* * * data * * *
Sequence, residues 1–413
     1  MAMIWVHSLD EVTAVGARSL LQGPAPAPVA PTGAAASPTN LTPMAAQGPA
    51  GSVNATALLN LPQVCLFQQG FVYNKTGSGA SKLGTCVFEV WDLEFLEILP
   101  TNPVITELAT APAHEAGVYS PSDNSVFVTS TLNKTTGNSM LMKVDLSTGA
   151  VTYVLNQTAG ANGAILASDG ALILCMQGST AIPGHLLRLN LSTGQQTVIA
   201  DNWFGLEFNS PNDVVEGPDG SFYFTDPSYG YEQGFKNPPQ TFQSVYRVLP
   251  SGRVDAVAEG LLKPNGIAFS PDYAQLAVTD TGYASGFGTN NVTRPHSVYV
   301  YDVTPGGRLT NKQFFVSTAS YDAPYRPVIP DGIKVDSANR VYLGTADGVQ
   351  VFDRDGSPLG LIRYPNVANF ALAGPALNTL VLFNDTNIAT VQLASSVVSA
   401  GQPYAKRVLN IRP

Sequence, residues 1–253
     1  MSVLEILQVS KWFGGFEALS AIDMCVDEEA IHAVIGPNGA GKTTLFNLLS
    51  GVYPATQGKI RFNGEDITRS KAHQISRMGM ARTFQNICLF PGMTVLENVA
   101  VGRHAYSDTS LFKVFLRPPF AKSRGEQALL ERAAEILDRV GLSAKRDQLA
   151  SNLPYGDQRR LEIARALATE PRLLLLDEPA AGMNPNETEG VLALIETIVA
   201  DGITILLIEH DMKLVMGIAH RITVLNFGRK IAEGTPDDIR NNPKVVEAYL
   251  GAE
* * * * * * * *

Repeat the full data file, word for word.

Sequence, residues 1–413
     1  MAMIWVHSLD EVTAVGARSL LQGPAPAPVA PTGAAASPTN LTPMAAQGPA
    51  GSVNATALLN LPQVCLFQQG FVYNKTGSGA SKLGTCVFEV WDLEFLEILP
   101  TNPVITELAT APAHEAGVYS PSDNSVFVTS TLNKTTGNSM LMKVDLSTGA
   151  VTYVLNQTAG ANGAILASDG ALILCMQGST AIPGHLLRLN LSTGQQTVIA
   201  DNWFGLEFNS PNDVVEGPDG SFYFTDPSYG YEQGFKNPPQ TFQSVYRVLP
   251  SGRVDAVAEG LLKPNGIAFS PDYAQLAVTD TGYASGFGTN NVTRPHSVYV
   301  YDVTPGGRLT NKQFFVSTAS YDAPYRPVIP DGIKVDSANR VYLGTADGVQ
   351  VFDRDGSPLG LIRYPNVANF ALAGPALNTL VLFNDTNIAT VQLASSVVSA
   401  GQPYAKRVLN IRP

Sequence, residues 1–253
     1  MSVLEILQVS KWFGGFEALS AIDMCVDEEA IHAVIGPNGA GKTTLFNLLS
    51  GVYPATQGKI RFNGEDITRS KAHQISRMGM ARTFQNICLF PGMTVLENVA
   101  VGRHAYSDTS LFKVFLRPPF AKSRGEQALL ERAAEILDRV GLSAKRDQLA
   151  SNLPYGDQRR LEIARALATE PRLLLLDEPA AGMNPNETEG VLALIETIVA
   201  DGITILLIEH DMKLVMGIAH RITVLNFGRK IAEGTPDDIR NNPKVVEAYL
   251  GAE